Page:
This is obvious to me, though it is so only because I have read too much of world history and literature not to be so convicted. Had I looked merely at the state of society today - or had I taken the measure of things as they have developed over the past generation or so (by the biblical reckoning, for which a generation is a 40-year interval), I believe things would indeed appear very differently.
Over the past four decades or so, we have seen a series of social changes regarding marriage: fewer couples entering into marriage and at ever greater age; exponential increase in the number of children born out of wedlock (and in many jurisdictions, tendentially erosive change in laws governing legitimacy); the introduction of "no fault" divorce, with the subsequent increase in numbers and rates of divorce, re-marriage and the increasing prevalence of "blended" families. It is for sociologists to debate and perhaps to decide whether, how and to what extent these phenomena are related to one another. What is certain, and pertinent to present purposes, is that society has come to understand marriage not as a commitment to a way of life, but rather as a sort of official seal of approval on a statement two people make about how they feel toward one another in a given moment.
In several important senses, chief among them the legal, marriage today is no more than this.
Quae cum ita sint, it is more than merely reasonable to ask why society should withhold its official recognition from any two persons who wish to make such a declaration.
In other words: political communities in the United States have decided to understand marriage as little more than a temporary mutual ratification of sentiment, and this does as a matter of fact make it difficult to understand why persons of the same sex cannot have such ratification - why the state ought to withhold its seal of approval.
The debate over "gay marriage" is only symptomatic of a broader sickness in the body politic.
Until we recognize this state of affairs for what it is, and for so long as we continue in our obstinate refusal to recognize that the position of our interlocutors on the other side of this issue is reasonable and (in enough cases to admit of a generality) held in good faith, we will make no headway in a contest for which the prize is neither more nor less than a chance to restore and recover the basic integrity of our entire civilizational project.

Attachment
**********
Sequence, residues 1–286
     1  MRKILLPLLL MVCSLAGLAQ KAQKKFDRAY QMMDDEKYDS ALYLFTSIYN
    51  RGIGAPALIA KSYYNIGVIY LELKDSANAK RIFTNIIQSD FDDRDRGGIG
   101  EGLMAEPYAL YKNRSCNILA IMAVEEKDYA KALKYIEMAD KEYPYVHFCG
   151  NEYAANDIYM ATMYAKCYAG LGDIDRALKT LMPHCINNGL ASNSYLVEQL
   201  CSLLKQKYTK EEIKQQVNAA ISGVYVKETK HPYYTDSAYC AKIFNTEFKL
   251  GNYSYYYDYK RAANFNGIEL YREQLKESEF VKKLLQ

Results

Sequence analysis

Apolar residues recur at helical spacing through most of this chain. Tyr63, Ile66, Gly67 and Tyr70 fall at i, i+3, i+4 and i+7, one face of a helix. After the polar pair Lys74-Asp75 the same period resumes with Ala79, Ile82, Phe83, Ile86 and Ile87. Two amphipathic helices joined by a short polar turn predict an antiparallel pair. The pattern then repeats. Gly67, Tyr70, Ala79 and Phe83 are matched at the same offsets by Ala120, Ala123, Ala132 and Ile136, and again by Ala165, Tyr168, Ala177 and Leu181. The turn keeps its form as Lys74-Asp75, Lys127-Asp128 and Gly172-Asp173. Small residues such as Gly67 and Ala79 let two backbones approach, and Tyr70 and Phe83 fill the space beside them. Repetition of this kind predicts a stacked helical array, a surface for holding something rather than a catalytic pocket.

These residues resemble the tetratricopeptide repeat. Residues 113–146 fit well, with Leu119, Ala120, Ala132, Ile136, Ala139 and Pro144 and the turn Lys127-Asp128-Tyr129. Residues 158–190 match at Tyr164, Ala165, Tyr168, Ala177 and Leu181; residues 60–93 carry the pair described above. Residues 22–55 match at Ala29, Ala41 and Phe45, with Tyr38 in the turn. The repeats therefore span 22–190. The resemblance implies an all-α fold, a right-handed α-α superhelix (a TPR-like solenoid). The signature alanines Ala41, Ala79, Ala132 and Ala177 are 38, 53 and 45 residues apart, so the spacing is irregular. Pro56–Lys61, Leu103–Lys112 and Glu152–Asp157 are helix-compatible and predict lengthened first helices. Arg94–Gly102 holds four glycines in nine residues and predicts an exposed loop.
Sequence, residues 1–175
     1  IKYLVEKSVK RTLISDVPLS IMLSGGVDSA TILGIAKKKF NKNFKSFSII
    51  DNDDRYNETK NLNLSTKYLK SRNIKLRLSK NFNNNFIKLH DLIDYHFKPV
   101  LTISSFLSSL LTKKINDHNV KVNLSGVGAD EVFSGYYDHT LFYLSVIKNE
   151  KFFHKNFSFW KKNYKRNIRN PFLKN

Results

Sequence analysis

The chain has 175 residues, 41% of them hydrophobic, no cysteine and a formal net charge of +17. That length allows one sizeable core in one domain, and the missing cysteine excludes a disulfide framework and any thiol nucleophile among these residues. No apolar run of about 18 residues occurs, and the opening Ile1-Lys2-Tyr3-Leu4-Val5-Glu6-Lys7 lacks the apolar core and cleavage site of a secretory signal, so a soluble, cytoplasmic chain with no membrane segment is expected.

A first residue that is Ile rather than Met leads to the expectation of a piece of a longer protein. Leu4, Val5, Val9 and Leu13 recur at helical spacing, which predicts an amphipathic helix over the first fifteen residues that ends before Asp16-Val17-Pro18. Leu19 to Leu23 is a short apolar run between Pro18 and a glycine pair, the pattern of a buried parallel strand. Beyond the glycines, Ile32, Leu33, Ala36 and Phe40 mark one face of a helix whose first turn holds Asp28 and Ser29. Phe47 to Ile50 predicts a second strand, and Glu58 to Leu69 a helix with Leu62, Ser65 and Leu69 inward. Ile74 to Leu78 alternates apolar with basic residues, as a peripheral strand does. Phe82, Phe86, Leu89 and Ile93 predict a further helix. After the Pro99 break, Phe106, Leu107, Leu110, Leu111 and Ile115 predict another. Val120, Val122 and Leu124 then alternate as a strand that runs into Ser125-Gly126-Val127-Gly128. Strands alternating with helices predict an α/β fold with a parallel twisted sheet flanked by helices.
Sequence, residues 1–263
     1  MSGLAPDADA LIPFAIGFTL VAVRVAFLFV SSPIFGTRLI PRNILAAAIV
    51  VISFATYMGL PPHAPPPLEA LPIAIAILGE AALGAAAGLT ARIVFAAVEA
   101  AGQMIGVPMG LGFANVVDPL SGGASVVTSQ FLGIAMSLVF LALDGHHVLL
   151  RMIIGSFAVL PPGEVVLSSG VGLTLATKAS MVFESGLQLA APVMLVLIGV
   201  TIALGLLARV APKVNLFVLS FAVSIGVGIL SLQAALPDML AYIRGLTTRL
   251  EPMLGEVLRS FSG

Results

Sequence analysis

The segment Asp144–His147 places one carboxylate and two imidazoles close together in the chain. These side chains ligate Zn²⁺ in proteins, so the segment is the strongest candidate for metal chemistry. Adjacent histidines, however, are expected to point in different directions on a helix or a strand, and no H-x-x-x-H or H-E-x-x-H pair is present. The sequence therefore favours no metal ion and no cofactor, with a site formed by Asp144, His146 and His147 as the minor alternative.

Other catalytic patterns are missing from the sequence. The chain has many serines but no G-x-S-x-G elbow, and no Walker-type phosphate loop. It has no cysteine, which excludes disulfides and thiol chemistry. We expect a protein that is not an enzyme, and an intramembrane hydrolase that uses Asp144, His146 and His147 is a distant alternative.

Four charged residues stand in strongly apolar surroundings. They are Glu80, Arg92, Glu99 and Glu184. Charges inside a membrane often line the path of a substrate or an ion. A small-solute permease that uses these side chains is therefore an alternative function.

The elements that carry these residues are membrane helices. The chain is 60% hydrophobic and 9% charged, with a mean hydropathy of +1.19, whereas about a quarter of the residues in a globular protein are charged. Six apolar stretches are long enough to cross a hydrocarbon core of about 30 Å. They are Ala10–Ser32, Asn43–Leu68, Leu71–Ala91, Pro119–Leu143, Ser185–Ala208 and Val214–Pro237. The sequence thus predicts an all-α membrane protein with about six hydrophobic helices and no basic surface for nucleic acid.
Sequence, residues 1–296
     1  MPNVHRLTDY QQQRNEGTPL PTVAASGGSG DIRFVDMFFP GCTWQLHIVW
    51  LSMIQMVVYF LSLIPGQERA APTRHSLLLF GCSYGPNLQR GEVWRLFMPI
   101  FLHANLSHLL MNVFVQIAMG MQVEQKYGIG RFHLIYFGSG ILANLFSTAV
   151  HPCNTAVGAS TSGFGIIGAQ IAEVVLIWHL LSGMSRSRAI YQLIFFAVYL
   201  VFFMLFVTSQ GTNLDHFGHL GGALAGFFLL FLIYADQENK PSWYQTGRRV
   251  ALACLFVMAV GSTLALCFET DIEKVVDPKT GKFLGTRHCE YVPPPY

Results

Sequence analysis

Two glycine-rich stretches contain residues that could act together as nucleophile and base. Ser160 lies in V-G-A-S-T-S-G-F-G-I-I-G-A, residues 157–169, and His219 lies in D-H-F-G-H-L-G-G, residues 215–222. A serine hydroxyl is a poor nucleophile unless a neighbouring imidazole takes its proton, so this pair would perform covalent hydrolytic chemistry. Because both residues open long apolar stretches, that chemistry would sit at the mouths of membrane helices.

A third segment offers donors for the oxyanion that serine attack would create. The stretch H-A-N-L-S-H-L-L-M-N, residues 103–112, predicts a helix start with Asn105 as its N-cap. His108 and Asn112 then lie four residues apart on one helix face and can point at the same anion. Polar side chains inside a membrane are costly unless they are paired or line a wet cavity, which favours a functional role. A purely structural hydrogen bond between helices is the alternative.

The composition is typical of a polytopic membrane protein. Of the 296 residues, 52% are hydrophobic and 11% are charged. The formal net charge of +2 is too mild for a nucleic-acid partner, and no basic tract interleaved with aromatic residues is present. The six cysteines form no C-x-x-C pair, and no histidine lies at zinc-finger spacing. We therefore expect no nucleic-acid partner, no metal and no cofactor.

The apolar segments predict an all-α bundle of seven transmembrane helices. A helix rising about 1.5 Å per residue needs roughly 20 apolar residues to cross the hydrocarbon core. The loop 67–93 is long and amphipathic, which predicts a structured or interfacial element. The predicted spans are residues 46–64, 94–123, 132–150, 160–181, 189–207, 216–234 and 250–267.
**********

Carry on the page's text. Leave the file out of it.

Wednesday, May 04, 2011
I often mentioned the fact of there being a creeping civil war going on in the West. But the USA are in a somewhat better shape than Europe. It is that A that follows the US: an idea of America, that still makes for a civil religion of Christian matrix. So, it doesn't matter whether the POTUS is liberal or conservative, in certain junctures he can deliver a speech that is simply presidential, as Obama did when he announced Osama bin Laden's execution.
Too bad that it is the only time since Obama won the elections, on the promise to be a post partisan president, that he really spoke post partisan.
I'd like to enclose a little e-mail exchange I had with an American friend of mine. I change the name with our pseudonyms. I wrote:
"They killed the bastard", was the comment of my young friend the LD. And I must recognize that for once Obama gave a presidential speech. But I hope this will not take away the dissatisfaction with his leadership. Obama is and remains a fraud. He hasn't been able to stimulate American economy, that means Americans, in the least. But I couldn't understand, from the conservative sites I follow, whether there is a strong republican candidate emerging, and who he, or she, is.